No one can deny that John Calvin was an ardent lover of the Psalms and believed that they should have the prominent place in the worship and praise of God. However, it is something entirely different to say that John Calvin was an exclusive Psalmist. This fact that he wasn't is proved in a number of ways:
What may be the exact difference between psalms and hymns, or between hymns and songs, it is not easy to determine, though a few remarks on this subject shall be offered on a future occasion.
Psalms, hymns. - He does not restrict the word of Christ to these particular departments, but rather intimates that all our communications should be adapted to edification, that even those which tend to hilarity may have no empty savor. “Leave to unbelievers that foolish delight which they take from ludicrous and frivolous jests and witticisms; and let your communications, not merely those that are grave, but those also that are joyful and exhilarating, contain something profitable. In place of their obscene, or at least barely modest and decent, songs, it becomes you to make use of hymns and songs that sound forth God’s praise.” Farther, under these three terms he includes all kinds of songs. They are commonly distinguished in this way — that a psalm is that, in the singing of which some musical instrument besides the tongue is made use of: a hymn is properly a song of praise, whether it be sung simply with the voice or otherwise; while an ode contains not merely praises, but exhortations and other matters. He would have the songs of Christians, however, to be spiritual, not made up of frivolities and worthless trifles. For this has a connection with his argument.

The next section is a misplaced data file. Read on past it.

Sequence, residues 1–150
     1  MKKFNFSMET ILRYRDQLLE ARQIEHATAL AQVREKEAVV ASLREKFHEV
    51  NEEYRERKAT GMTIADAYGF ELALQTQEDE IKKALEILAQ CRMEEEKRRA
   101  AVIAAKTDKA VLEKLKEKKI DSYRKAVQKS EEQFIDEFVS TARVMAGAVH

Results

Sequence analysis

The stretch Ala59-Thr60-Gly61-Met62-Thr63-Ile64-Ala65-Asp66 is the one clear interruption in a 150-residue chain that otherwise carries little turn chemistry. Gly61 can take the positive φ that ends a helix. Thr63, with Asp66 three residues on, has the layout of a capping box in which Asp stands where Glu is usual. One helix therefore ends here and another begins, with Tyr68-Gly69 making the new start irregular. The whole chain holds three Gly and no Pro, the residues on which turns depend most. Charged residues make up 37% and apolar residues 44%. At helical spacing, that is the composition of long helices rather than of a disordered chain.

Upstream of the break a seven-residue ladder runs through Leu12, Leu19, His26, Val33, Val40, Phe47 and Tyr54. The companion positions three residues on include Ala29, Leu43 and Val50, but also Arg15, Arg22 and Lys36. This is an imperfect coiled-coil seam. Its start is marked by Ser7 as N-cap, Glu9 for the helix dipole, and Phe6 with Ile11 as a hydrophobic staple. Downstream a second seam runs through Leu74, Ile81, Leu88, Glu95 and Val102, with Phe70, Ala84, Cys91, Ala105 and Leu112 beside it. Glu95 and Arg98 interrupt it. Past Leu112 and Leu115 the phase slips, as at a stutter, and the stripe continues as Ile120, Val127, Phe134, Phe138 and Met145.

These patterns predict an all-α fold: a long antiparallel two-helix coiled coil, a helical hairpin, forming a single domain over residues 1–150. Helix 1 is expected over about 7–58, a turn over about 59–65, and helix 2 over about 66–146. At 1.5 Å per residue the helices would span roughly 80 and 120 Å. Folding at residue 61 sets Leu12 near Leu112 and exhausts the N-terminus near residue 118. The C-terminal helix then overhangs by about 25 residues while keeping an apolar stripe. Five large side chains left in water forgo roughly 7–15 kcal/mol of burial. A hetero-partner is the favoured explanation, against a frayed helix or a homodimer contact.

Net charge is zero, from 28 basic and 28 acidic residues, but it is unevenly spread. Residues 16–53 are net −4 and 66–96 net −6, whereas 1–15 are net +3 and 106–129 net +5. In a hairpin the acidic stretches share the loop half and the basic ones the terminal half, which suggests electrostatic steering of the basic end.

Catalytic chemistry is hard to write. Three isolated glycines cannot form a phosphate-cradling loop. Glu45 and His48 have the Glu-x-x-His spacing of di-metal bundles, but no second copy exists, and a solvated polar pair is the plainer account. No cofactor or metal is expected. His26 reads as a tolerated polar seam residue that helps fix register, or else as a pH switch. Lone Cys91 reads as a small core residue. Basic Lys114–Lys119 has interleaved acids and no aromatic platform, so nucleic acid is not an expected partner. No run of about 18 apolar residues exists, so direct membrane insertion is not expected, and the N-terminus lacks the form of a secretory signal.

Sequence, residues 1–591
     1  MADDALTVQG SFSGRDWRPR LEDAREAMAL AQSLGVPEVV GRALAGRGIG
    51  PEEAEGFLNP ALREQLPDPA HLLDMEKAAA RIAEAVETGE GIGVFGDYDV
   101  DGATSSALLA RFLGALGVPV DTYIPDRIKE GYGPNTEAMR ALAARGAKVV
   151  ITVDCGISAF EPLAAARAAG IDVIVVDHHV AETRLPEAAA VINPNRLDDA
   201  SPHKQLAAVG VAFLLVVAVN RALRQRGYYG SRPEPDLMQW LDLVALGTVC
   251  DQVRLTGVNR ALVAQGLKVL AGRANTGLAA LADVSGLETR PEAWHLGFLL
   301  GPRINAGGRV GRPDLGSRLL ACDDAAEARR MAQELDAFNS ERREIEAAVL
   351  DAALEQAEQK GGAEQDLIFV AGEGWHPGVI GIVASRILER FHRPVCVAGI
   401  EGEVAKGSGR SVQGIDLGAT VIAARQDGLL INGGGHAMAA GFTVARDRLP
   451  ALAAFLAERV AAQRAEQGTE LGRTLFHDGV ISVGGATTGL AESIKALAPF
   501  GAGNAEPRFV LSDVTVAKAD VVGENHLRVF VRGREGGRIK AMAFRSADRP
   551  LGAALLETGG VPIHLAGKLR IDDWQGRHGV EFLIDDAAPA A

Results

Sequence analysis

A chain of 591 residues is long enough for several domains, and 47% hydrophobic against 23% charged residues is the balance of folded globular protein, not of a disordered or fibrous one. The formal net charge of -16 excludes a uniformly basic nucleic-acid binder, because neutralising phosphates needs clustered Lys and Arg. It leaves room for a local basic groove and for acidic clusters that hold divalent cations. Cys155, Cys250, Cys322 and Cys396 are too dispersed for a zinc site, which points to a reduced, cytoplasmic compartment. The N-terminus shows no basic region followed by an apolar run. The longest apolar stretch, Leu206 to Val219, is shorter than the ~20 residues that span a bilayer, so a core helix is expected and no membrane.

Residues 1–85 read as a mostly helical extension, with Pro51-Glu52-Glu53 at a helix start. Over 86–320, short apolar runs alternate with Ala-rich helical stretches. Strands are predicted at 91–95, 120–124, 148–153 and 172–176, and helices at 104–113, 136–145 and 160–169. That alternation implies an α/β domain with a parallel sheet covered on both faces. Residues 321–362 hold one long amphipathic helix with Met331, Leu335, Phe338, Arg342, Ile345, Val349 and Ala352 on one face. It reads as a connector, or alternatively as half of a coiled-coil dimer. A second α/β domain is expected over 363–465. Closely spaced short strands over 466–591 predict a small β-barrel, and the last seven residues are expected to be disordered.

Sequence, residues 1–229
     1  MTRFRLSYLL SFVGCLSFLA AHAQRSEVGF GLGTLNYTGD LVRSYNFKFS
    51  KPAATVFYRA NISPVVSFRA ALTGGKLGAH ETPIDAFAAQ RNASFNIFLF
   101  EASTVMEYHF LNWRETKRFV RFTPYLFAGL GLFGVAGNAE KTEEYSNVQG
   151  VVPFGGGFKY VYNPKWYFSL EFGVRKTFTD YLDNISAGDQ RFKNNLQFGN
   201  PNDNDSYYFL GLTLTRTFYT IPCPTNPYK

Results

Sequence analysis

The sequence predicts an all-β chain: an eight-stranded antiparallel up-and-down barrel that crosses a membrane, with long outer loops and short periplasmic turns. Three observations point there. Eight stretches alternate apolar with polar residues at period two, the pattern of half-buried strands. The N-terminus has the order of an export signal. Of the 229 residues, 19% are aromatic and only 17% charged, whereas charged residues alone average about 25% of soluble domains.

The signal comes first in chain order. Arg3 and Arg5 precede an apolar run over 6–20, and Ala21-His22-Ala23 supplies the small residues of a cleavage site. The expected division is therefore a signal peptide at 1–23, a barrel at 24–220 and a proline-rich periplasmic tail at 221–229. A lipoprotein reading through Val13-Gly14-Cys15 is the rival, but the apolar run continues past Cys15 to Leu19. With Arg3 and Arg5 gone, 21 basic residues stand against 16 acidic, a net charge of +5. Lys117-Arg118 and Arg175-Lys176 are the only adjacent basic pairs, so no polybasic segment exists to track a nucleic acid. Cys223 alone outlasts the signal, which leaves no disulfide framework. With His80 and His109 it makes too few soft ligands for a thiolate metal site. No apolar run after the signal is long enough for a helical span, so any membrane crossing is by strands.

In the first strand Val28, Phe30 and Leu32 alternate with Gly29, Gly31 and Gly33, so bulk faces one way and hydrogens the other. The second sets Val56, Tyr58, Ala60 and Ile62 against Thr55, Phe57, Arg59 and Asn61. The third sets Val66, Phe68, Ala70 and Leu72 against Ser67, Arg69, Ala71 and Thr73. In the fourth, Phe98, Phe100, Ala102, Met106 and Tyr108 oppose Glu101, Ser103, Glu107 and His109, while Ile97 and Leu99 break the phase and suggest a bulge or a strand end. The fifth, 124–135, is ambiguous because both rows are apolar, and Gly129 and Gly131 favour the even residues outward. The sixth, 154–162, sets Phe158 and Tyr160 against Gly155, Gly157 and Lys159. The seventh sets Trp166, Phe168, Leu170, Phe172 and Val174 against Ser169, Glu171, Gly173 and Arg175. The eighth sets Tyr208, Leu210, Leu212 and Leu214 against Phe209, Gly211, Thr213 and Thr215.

If these men of a Reformed persuasion believed in exclusive psalmody surely you would expect to find it in the marginal notes of the Geneva Bible. The notes, however, have this to say against Colossians 3:16:
3. The Genevan Psalter of John Calvin's day was not characterised by exclusive psalmody. The Genevan Psalter went through a number of editions. From its commencement Calvin included items of praise from outside the Psalter and even from outside the Scriptures.
The first edition in 1539 contained 17 metrical Psalms plus other 'hymns'. These 'hymns' consisted of a metrical translation of the Ten Commandments; the 'Canticle of Simeon' and the Apostles' Creed for use in singing. The 1543 version, the first published when he was back in Geneva, contained 49 psalms and metrical versions of the Ten Commandments, The Apostles' Creed and the Lord's Prayer. The final version published in 1652 contained all 150 psalms plus the Canticle of Simeon and the Ten Commandments.
1. The terms 'Psalms, Hymns and Spiritual Songs' inEphesians 5:19 & Colossians 3:16 do not refer to the 150 Psalms of the Book of Psalms.
2. Old Testament and New Testament saints did not live by this exclusive psalmist rule.
3. The angels and glorified saints did not sing the psalms.
4. There are possible remnants of hymns/canticles/doxologies quoted in the New Testament.
5. Progressive Revelation argues against Exclusive Psalmody.
6. Exclusive Psalmody leads to different levels of worship.
7. The Exclusive Psalmist's position requires them to reject ever singing the 'very best song' in public worship.
8. If 'inspired praise' is required then an equally valid argument could be made for 'inspired praying' and 'inspired preaching' in public worship.
9. The early New Testament Church did not believe in Exclusive Psalmody.